Thirty-One Days O’Horror!

Get Ready!

For the first time ever, yours truly will be embarking on a quest that will see him facing off against some of the best and worst horror films ever screened for audiences!  I’ve decided to challenge myself to watch thirty-one horror films and blog about each and every one of them for thirty-one straight days!


I’ll be including classics such as The Wolf Man with Lon Chaney, Jr. and Bela Lugosi’s Dracula as well as more recent films such as Curse of Chucky and The Woman In Black.  I’ll throw in some campier fare like Little Dead Rotting Hood and Abominable, as well as spooky family treats like Nightmare Before Christmas and The Haunted Mansion.


I also plan on revisiting films from my youth and my college years such as Sleepaway Camp, The Craft, Children of the Corn, and The Monster Squad.  I’m hoping to throw the recent It film into the fray, but that particular film isn’t guaranteed just yet.  I have a few days off of work coming up and I might manage to squeeze that particular film into the list.


As I watch each film, I’ll post a review of it afterwards.  I’ll briefly discuss the plot and then go into whatever catches my fancy about the film.  As of right now, my list primarily includes films that I’ve already viewed but a few will be new to my eyes.


Here is a list of eighteen films that I will definitely watch.  These films are not listed in the order that I plan to view them.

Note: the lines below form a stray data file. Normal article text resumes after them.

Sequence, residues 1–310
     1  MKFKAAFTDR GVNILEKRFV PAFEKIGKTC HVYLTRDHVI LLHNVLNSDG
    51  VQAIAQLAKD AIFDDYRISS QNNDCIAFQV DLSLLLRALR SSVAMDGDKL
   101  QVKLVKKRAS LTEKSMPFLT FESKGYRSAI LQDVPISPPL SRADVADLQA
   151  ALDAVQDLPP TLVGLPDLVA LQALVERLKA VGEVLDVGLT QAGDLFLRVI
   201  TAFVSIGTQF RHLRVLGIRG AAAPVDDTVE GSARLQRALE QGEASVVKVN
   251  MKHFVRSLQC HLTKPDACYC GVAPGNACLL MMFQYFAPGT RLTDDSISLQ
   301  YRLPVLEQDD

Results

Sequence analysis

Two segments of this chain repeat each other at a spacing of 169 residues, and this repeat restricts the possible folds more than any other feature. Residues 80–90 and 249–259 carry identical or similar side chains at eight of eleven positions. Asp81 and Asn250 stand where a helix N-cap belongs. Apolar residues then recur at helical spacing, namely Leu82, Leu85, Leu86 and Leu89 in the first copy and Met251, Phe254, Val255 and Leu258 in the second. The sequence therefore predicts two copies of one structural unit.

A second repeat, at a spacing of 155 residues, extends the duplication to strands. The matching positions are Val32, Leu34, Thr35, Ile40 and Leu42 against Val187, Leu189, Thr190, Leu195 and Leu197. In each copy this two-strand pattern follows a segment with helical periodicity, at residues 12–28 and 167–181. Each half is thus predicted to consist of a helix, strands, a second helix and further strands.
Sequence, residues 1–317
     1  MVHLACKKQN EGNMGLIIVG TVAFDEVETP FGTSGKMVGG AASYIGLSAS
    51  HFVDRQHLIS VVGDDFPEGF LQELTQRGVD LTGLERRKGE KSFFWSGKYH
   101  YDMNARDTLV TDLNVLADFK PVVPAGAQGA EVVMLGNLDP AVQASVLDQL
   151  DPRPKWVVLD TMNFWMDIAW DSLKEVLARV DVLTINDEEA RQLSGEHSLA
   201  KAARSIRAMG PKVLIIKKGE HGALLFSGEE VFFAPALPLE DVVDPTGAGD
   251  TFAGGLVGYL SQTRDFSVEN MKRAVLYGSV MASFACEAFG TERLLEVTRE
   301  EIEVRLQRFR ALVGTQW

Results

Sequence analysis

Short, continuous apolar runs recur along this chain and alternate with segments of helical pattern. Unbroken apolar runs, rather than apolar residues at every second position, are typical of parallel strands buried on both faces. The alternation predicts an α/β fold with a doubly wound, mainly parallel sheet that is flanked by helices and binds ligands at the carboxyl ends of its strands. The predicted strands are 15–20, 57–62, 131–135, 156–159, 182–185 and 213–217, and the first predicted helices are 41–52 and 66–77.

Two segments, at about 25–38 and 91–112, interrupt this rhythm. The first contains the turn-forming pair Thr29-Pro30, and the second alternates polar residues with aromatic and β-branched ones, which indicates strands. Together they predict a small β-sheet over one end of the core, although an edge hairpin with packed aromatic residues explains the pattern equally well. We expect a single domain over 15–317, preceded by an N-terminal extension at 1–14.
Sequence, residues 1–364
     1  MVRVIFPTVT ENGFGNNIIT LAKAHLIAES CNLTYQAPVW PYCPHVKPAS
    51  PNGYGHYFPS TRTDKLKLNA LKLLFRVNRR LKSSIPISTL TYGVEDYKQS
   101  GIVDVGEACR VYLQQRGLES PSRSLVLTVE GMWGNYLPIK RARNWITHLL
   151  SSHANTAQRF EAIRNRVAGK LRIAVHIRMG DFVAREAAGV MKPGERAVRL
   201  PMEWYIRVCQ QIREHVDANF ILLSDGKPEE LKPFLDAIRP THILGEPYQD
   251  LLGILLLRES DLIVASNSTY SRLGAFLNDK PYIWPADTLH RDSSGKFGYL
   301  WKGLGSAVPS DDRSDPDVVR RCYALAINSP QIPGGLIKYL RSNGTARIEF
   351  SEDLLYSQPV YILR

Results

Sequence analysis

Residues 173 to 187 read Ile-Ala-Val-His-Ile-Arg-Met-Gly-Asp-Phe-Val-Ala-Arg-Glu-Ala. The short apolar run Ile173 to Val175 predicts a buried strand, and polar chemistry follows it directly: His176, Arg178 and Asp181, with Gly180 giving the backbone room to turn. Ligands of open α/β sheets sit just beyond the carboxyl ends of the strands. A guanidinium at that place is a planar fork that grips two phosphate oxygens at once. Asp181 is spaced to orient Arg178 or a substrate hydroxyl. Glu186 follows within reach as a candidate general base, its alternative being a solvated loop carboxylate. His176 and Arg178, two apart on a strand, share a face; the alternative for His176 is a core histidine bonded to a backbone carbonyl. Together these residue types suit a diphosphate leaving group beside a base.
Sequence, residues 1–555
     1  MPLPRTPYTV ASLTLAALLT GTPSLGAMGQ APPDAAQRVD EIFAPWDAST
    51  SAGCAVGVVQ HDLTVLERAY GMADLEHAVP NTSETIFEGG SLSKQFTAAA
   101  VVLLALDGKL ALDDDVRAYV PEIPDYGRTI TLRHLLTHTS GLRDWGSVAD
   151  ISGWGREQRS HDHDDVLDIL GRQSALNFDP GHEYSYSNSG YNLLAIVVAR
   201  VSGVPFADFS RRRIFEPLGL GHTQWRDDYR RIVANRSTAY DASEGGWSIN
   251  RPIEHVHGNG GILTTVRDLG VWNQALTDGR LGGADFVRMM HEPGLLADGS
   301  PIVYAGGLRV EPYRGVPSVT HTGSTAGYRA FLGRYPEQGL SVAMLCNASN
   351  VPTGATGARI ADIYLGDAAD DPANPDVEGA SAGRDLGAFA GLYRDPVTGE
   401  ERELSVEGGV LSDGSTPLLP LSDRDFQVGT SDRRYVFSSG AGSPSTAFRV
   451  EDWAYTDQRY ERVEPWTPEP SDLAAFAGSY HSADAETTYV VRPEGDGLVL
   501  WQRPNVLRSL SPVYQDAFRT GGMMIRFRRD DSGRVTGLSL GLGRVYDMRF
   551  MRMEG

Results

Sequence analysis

1. The Wolf Man (1941)
  2. Dracula (1931)
  3. Little Dead Rotting Hood (2016)
  4. The Woman In Black (2012)
  5. Ravenous (1999)
  6. The Craft (1996)
  7. The Haunted Mansion (2003)
  8. Sleepaway Camp (1983)
  9. Curse of Chucky (2013)
  10. Abominable (2006)
  11. The Monster Squad (1987)
  12. Sleepy Hollow (1999)
  13. Children of the Corn (1984)
  14. Wes Craven’s New Nightmare (1994)
  15. The Descent (2005)
  16. Interview With The Vampire (1994)
  17. Bram Stoker’s Dracula (1992)
  18. Wolf Cop (2014)


As you can easily see, that’s not thirty-one films.  I plan on adding more soon, but I’m not going to tell you what they are because I’ve gotta squeeze a few surprises into the fray.  To whet your appetite, though, here’s a list of films that will potentially make the list.  If you have any suggestions, feel free to list them in the comments.

  1. It (2017)
  2. Critters (1986)
  3. Frankenstein Must Be Destroyed (1969)
  4. The Wicker Man (1973)
  5. The Town That Dreaded Sundown (1976)
  6. Kill, Baby, Kill (1966)
  7. Alien (1979)
  8. Motel Hell (1980)
  9. The Picture of Dorian Gray (1945)
  10. An American Werewolf in London (1981)
  11. The Legend of Boggy Creek (1972)
  12. The Wraith (1986)
  13. Mary Shelley’s Frankenstein (1994)
  14. Silver Bullet (1985)
  15. Night of the Demon (1957)
  16. Tusk (2014)
  17. Halloween (1978)


This slideshow requires JavaScript.

Starting October 1st, I’m going to be hitting y’all with a new post every day for thirty-one straight days.  I might get scared.  I might need a friend to come hang out with me and hold my hand.  Heck, I might have free beer!  Hold on tight, kids, October is going to be wild!



As always, thanks for reading.  Like I said earlier, if you have any suggestions for films, let me know.  I’ll definitely try to add them to the list.  Oh, and I might throw in a few surprises as well like a double feature or special features reviews!


Boldly Streaming

Accessing Space

Sunday evening I, along with many others like me, settled in for an evening of television wonder that we haven’t had a fresh view of since 2005.  CBS was granting everyone the opportunity to view the first episode of their newest vision of Star Trek with the premier of Star Trek:  Discovery.